Native Rhode Islanders tend to fall into two categories: those who never want to leave the state, and those who can’t wait to get out. My own history would seem to place me in the second category, since I graduated from high school and promptly moved to New York for college. Every summer, though, I end up back home in Providence, fulfilling my three-month-long fix for all things Rhode Island.
Although I have a fierce devotion to Little Rhody, I am not a true native, having been born in Chicago, not Women & Infants Hospital. A mere five when my family moved here, I initially resisted, reasoning that a state wasn’t my home unless I’d been there for half my life. Along the way, however, Rhode Island — with all of its idiosyncrasy, natural beauty, and nutty residents — began to grow on me. And just like any newcomer, I had the opportunity to experience many of the state’s unique cultural, culinary, and ecological offerings with an outsider’s perspective.
Many people from outside of New England either confuse Rhode Island with Long Island, or think of it as a miniature Boston. Despite the strong regional identity with the Red Sox, most natives would consider Boston a nice place to visit — if it weren’t so darn far away. In a state where you can drive anywhere in less than an hour, 50 miles on the highway is an epic journey. But Rhody’s tiny confines pack a lot of punch, so here’s my informal guide to some useful stuff.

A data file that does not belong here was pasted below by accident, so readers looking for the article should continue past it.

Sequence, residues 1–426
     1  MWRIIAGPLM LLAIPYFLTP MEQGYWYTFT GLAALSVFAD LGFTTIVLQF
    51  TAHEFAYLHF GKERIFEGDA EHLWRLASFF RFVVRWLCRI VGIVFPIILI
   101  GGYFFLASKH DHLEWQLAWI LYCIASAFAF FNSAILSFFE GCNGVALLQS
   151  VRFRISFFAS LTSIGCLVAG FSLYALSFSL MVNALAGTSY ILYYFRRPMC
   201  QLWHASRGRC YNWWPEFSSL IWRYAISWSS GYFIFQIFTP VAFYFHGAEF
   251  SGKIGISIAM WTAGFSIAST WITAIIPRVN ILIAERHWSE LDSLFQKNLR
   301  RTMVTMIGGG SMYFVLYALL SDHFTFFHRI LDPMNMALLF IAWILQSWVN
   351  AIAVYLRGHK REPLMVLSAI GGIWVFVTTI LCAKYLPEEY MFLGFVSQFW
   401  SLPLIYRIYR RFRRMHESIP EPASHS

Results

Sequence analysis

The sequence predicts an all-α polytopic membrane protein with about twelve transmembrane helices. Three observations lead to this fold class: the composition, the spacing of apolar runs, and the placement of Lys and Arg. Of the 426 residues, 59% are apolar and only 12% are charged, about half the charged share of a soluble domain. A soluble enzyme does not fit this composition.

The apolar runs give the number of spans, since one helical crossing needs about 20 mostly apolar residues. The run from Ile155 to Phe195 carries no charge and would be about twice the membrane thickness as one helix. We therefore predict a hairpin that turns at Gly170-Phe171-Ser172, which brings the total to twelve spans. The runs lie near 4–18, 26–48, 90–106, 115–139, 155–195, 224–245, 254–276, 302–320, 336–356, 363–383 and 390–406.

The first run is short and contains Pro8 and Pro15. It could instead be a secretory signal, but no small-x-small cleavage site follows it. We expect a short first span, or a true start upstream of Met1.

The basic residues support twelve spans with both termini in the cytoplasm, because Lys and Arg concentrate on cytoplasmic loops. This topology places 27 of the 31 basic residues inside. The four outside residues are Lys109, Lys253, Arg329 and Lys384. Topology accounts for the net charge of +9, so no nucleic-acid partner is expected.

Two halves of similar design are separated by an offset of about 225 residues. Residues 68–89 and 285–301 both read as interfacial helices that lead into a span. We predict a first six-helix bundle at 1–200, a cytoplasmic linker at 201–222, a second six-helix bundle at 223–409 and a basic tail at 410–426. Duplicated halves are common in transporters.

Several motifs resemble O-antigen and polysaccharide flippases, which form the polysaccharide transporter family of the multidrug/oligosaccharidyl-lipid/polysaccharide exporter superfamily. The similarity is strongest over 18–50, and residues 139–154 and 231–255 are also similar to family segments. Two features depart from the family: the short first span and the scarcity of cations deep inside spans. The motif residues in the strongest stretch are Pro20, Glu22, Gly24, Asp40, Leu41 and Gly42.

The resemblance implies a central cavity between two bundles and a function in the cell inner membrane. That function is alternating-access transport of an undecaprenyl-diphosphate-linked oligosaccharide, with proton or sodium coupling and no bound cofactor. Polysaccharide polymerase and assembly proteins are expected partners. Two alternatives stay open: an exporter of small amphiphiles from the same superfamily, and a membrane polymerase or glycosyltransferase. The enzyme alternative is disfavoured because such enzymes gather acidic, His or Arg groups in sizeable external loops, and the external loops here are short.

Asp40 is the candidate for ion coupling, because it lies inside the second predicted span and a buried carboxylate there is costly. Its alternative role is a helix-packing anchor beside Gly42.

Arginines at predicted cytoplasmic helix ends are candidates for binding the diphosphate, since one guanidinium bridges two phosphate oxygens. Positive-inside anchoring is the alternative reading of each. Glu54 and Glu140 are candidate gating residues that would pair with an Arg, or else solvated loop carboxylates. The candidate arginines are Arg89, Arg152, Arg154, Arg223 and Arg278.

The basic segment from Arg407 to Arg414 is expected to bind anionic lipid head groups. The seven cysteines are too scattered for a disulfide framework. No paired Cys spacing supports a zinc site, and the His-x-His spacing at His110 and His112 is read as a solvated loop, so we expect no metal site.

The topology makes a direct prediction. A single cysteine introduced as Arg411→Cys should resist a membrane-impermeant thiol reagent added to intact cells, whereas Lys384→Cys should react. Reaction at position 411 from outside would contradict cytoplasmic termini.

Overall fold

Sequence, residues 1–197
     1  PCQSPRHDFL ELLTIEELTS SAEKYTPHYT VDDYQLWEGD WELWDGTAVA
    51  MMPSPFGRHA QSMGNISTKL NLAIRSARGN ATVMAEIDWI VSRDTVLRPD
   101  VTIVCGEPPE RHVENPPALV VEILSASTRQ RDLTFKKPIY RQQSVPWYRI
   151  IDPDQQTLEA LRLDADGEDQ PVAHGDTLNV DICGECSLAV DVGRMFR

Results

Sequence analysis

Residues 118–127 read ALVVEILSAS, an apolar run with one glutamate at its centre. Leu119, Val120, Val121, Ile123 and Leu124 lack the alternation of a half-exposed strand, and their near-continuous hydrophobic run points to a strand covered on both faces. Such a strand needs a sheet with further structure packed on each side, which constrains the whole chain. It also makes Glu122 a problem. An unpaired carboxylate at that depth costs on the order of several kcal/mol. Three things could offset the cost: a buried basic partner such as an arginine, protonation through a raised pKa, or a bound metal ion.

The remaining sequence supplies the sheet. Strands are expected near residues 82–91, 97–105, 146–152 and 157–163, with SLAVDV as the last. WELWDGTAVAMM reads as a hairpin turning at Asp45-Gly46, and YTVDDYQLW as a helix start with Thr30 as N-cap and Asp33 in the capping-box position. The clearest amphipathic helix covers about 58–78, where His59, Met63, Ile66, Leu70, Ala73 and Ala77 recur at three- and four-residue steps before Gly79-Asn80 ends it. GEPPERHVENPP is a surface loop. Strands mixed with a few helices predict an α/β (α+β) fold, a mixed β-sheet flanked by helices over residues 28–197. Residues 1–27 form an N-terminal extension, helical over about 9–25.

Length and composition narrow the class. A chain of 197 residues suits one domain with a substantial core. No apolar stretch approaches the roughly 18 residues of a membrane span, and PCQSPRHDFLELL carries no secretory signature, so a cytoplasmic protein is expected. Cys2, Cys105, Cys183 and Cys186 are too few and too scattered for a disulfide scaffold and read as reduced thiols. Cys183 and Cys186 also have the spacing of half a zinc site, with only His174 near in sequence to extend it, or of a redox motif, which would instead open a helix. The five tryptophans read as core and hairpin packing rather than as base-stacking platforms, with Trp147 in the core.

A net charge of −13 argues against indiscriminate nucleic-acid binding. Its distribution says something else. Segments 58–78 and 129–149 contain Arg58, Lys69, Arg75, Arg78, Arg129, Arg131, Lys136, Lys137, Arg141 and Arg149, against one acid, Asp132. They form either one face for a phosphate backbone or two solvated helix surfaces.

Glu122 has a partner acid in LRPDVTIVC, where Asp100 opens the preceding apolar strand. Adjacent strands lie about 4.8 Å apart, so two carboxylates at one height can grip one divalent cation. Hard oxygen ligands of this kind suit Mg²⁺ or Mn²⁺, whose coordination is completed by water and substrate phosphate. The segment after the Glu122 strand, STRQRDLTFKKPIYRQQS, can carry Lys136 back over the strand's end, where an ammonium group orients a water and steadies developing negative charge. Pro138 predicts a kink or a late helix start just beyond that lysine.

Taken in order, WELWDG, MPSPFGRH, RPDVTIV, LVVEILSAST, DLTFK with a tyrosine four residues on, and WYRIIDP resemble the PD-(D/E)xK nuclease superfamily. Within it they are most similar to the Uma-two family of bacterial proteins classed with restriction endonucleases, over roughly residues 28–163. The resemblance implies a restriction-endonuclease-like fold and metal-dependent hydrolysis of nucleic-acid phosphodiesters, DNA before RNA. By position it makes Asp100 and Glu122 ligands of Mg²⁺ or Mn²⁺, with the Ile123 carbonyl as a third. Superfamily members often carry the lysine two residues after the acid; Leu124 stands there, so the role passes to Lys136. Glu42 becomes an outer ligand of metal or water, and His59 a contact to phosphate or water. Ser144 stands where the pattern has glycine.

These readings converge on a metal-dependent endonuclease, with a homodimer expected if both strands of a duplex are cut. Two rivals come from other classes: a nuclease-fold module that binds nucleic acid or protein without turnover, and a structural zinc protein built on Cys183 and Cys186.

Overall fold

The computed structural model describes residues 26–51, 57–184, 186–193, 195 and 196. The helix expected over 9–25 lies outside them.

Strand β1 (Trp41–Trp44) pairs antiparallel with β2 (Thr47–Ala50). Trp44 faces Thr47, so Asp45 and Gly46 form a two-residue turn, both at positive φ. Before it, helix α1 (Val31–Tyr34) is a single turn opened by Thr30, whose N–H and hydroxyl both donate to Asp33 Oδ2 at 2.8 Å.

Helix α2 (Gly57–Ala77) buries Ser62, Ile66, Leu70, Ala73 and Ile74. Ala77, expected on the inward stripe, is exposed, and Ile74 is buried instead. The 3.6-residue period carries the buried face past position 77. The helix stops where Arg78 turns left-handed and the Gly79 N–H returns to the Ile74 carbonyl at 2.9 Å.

Because the state is so small, college students can usually get by without a car. Walking, biking, or taking the RIPTA bus in Providence is a more environmentally friendly, convenient, and affordable alternative. If you do bring a car with you, don’t get caught unaware by the capital city’s bizarre overnight parking ban, which can cost $15 per ticket.
A great place to pick up a bicycle is Recycle-A-Bike, located in the Steel Yard at 27 Sims Avenue, Providence. By volunteering for four hours, participants can earn a free bike that they assemble themselves. For more selection and less manual labor, check out East Providence Cycle at 414 Warren Avenue, right off I-195 in East Providence. Rhode Island’s mecca for bicyclists is Block Island, the lesser-known counterpart to Nantucket and Martha’s Vineyard. On summer days, there is usually a crush of day-trippers unloading from the ferry in Old Harbor, but bikers can quickly leave the crowds behind to explore the island’s relatively undeveloped dunes, beaches, and bluffs. Multiple ferries leave daily from Galilee and Newport until mid-October.